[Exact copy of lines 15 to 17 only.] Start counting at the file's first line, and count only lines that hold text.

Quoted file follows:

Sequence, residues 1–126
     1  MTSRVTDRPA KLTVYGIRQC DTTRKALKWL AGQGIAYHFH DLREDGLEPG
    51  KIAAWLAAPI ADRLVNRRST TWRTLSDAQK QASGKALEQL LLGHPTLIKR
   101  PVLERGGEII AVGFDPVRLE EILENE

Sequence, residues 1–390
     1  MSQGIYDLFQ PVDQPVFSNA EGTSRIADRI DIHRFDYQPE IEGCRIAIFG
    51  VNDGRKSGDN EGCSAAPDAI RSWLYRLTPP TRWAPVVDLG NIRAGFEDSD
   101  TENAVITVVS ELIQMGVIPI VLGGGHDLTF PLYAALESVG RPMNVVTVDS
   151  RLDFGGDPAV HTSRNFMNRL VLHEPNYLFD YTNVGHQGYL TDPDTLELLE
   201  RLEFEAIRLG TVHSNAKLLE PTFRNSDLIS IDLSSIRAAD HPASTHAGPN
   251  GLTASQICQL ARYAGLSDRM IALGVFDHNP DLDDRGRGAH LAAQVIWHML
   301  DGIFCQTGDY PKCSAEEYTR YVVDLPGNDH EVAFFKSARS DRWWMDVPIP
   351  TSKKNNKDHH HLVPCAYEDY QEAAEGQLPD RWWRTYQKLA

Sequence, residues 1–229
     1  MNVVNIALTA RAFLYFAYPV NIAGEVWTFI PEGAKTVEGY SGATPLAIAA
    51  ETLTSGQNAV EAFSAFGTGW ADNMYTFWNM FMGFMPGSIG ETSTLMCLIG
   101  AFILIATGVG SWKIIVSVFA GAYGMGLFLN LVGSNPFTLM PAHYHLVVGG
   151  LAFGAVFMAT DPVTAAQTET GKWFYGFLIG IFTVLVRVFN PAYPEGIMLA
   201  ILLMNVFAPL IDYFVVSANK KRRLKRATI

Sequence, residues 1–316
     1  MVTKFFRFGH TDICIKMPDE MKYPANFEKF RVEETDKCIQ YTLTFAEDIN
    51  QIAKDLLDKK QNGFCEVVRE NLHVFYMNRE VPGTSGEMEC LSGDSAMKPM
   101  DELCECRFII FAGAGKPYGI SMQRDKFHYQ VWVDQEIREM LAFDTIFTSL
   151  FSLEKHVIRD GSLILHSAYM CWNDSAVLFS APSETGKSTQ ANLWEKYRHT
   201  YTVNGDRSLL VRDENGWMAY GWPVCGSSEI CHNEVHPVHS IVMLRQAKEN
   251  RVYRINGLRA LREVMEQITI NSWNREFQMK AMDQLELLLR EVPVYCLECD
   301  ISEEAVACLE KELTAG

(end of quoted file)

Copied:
     1  MNVVNIALTA RAFLYFAYPV NIAGEVWTFI PEGAKTVEGY SGATPLAIAA
    51  ETLTSGQNAV EAFSAFGTGW ADNMYTFWNM FMGFMPGSIG ETSTLMCLIG
   101  AFILIATGVG SWKIIVSVFA GAYGMGLFLN LVGSNPFTLM PAHYHLVVGG